Make sure that every page on your site contains both the name of your site and a description of the page. An example would be “Acme Hardware: Stainless Steel Cap Screws”. This way, your customers bookmarks make sense.
Broken browser features
Users depend on certain features of their browser. The back button is the most commonly used browser control. Many users have learned how to use the “Open Link in New Window” feature. Those of us with poor eyesight have also found that using the browser menu to increase text size can be very handy.
It’s possible to break any of these features if you are careless.
A sloppy use of Macromedia Flash will break the back button. Using Java to open up a link in a new window can cause an error when the user tries to open a new window on their own. Using absolute font sizes rather than relative ones breaks the ability of some browsers to resize the font.
Booting the customer with unnecessary timeouts
Some dynamically generated sites have time out features that make it needlessly hard to use a website. A customer can spend 15 minutes browsing your online catalog, and then go on a one-hour lunch break. If they come back to their desk and press the “buy” button they should never get a message like “Your session has timed out. Please go to our homepage to restart your search”.
Misusing advertising techniques to promote parts of your own site
Pop-up windows are annoying, and usually contain advertising. Users learn to close them before the content loads. People have gotten used to banner advertisements and have learned to ignore them. It’s a scientifically proven behavior called “banner blindness”.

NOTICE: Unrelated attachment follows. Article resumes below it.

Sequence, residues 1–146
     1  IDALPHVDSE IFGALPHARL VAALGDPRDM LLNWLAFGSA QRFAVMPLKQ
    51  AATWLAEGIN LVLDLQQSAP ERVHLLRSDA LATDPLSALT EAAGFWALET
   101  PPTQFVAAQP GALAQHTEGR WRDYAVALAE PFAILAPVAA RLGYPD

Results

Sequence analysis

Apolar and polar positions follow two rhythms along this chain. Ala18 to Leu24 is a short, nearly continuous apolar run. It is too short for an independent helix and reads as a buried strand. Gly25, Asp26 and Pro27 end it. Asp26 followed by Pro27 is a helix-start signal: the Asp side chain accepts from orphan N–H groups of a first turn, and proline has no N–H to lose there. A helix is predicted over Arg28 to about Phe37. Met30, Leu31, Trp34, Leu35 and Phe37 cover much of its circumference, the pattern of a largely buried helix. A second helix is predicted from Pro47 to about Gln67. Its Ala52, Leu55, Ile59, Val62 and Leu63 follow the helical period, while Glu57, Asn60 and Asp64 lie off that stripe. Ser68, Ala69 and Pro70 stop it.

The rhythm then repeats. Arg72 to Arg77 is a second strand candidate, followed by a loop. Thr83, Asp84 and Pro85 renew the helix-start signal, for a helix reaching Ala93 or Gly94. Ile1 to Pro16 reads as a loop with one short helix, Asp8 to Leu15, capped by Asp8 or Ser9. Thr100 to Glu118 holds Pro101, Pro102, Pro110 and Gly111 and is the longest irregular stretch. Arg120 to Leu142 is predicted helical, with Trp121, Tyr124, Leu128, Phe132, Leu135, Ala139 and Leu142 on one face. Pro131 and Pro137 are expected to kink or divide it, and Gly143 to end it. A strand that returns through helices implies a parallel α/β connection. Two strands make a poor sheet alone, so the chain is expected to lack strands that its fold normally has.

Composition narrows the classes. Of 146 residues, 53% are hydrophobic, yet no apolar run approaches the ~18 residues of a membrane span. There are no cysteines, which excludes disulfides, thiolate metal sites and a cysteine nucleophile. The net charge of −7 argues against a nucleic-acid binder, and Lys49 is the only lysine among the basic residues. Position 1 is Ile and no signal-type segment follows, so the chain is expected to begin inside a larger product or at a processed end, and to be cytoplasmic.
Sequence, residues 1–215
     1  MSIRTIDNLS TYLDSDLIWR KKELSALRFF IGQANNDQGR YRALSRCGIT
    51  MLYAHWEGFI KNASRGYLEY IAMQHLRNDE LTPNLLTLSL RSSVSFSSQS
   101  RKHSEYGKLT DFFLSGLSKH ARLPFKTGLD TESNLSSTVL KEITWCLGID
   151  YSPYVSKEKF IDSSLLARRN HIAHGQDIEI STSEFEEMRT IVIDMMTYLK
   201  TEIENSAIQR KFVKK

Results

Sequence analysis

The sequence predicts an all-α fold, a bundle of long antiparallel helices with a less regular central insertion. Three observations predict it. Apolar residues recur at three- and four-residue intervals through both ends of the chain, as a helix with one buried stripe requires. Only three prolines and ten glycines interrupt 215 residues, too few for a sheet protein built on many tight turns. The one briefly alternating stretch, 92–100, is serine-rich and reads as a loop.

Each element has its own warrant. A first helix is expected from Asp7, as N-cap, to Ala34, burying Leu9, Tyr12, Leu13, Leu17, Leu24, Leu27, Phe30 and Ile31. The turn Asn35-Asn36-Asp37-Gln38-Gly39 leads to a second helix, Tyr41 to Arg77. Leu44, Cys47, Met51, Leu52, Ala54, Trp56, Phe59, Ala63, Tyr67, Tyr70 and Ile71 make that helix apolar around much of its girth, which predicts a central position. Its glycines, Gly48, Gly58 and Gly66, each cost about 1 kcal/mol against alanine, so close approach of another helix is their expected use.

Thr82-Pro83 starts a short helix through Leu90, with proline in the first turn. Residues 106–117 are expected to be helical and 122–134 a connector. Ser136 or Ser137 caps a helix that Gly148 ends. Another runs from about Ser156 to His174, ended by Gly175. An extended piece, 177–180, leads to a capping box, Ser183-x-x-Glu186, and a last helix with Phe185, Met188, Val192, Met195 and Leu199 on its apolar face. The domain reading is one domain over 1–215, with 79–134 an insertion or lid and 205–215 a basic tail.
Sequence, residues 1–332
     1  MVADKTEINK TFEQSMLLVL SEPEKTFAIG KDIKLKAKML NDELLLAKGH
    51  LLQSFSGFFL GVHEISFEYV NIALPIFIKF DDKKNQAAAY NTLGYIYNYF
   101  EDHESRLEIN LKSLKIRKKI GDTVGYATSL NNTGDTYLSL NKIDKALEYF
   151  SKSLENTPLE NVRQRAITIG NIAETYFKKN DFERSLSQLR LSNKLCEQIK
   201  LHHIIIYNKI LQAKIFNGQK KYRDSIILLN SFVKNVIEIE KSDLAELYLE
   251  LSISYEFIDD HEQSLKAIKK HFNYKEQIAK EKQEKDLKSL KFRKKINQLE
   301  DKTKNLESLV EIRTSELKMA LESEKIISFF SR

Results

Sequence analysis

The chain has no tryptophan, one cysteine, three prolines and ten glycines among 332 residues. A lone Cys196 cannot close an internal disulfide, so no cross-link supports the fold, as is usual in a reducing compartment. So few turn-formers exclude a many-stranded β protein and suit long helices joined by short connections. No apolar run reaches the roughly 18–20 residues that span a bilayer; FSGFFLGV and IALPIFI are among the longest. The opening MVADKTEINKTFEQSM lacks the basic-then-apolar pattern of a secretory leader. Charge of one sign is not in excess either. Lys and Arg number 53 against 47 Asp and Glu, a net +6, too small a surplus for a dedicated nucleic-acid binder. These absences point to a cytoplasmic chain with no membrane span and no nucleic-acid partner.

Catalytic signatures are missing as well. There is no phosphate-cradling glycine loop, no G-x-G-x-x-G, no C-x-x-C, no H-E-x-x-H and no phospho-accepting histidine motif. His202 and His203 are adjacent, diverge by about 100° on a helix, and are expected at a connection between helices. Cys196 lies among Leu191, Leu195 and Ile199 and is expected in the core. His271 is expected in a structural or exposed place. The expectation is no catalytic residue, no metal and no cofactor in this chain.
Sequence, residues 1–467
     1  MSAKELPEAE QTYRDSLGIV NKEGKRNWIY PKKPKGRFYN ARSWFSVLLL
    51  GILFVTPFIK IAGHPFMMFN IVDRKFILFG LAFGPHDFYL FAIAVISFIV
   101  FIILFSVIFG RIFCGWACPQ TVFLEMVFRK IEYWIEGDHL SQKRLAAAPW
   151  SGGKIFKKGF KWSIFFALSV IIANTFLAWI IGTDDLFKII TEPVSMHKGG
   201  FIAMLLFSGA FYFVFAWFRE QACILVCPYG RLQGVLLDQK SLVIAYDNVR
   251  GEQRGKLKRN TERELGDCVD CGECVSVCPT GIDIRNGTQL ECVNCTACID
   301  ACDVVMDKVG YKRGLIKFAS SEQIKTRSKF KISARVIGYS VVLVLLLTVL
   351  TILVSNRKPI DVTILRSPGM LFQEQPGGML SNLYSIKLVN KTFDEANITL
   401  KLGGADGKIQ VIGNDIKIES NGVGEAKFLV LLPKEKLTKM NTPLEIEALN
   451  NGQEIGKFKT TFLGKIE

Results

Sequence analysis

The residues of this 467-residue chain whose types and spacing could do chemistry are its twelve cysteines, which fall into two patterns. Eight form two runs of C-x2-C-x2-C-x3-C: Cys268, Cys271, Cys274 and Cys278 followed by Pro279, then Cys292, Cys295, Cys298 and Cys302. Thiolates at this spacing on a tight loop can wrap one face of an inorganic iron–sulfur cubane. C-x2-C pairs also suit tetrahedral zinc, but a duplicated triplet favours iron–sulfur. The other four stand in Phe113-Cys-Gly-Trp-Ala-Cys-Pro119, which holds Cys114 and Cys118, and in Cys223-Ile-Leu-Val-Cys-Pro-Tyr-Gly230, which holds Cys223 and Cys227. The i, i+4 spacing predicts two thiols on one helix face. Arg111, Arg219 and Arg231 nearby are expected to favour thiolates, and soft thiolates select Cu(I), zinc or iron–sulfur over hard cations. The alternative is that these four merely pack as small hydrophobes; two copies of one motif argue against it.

Almost all advertisements have a click through rate of less than one percent. Why would you use such a poor method to promote your own agenda on your own site? If you really want people to see something, put it on your web page in a prominent position.
Unreadable, unchangeable fonts
If users can’t read your text they will give up and leave. Tiny, light gray text on a white background is simply too hard to read. As a test, take a look at your site on an older monitor that has started to go blurry and see if you can still read it.
Also, make sure that the user can resize the font if needed.
Broken breadcrumb trails
In the good old days, unvisited links were always blue and underlined. When they had visited a page, links to that page turned purple. Users could use this to tell where they had been.
Today, many major sites use graphic menus where the links don’t change when they have been visited. This isn’t a huge problem for top level menus where there are only a few options. But if they’re searching for something in a large list of links, like a catalog or site map, they can use the visual hints to make sure they checked all the possibilities and aren’t duplicating their efforts.
If you don’t want to use purple for your visited link color, just make sure that the visited link color is duller and less prominent than the unvisited link color.
Fixing these problems doesn’t take time or effort, it takes focus
This is not rocket science. It just takes a conscience decision to focus on the customer. It takes a belief that users will come back to you not because of flashy design, but because they can get what they want at your site, quickly and easily. This list can be used as an evaluation checklist, but most of these problems never arise when you focus your effort on the customer.